“Who’s this?” asked Miss Taylor.
“The Cresswells, I think; they usually ride to town about this time.” But already Miss Taylor had descried the brown and tawny sides of the speeding horses.
“Good gracious!” she thought. “The Cresswells!” And with it came a sudden desire not to meet them—just then. She glanced toward the swamp. The sun was sifting blood-red lances through the trees. A little wagon-road entered the wood and disappeared. Miss Taylor saw it.
“Let’s see the sunset in the swamp,” she said suddenly. On came the galloping horses. Bles looked up in surprise, then silently turned into the swamp. The horses flew by, their hoof-beats dying in the distance. A dark green silence lay about them lit by mighty crimson glories beyond. Miss Taylor leaned back and watched it dreamily till a sense of oppression grew on her. The sun was sinking fast.
“Where does this road come out?” she asked at last.
“It doesn’t come out.”
“Where does it go?”
“It goes to Elspeth’s.”
“Why, we must turn back immediately. I thought—” But Bles was already turning. They were approaching the main road again when there came a fluttering as of a great bird beating its wings amid the forest. Then a girl, lithe, dark brown, and tall, leaped lightly into the path with greetings on her lips for Bles. At the sight of the lady she drew suddenly back and stood motionless regarding Miss Taylor, searching her with wide black liquid eyes. Miss Taylor was a little startled.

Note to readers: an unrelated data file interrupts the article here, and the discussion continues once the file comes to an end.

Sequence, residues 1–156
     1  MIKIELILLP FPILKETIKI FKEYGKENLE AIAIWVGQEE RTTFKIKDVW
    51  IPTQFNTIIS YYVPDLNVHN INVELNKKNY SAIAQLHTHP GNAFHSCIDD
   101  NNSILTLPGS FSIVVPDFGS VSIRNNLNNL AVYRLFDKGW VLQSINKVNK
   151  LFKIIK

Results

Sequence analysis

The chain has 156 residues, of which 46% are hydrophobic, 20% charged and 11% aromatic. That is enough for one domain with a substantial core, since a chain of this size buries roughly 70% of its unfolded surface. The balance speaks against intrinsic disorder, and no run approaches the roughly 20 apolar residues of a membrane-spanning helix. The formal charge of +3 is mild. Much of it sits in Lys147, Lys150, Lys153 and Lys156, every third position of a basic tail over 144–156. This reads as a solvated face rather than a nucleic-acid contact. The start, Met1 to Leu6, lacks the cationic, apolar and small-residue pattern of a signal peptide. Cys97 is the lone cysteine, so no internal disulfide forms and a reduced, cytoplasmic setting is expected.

“Good—good-evening,” she said, straightening herself.
The girl was still silent and the horse stopped. One tense moment pulsed through all the swamp. Then the girl, still motionless—still looking Miss Taylor through and through—said with slow deliberateness:
“I hates you.”
The teacher in Miss Taylor strove to rebuke this unconventional greeting but the woman in her spoke first and asked almost before she knew it—
Zora, child of the swamp, was a heathen hoyden of twelve wayward, untrained years. Slight, straight, strong, full-blooded, she had dreamed her life away in wilful wandering through her dark and sombre kingdom until she was one with it in all its moods; mischievous, secretive, brooding; full of great and awful visions, steeped body and soul in wood-lore. Her home was out of doors, the cabin of Elspeth her port of call for talking and eating. She had not known, she had scarcely seen, a child of her own age until Bles Alwyn had fled from her dancing in the night, and she had searched and found him sleeping in the misty morning light. It was to her a strange new thing to see a fellow of like years with herself, and she gripped him to her soul in wild interest and new curiosity. Yet this childish friendship was so new and incomprehensible a thing to her that she did not know how to express it. At first she pounced upon him in mirthful, almost impish glee, teasing and mocking and half scaring him, despite his fifteen years of young manhood.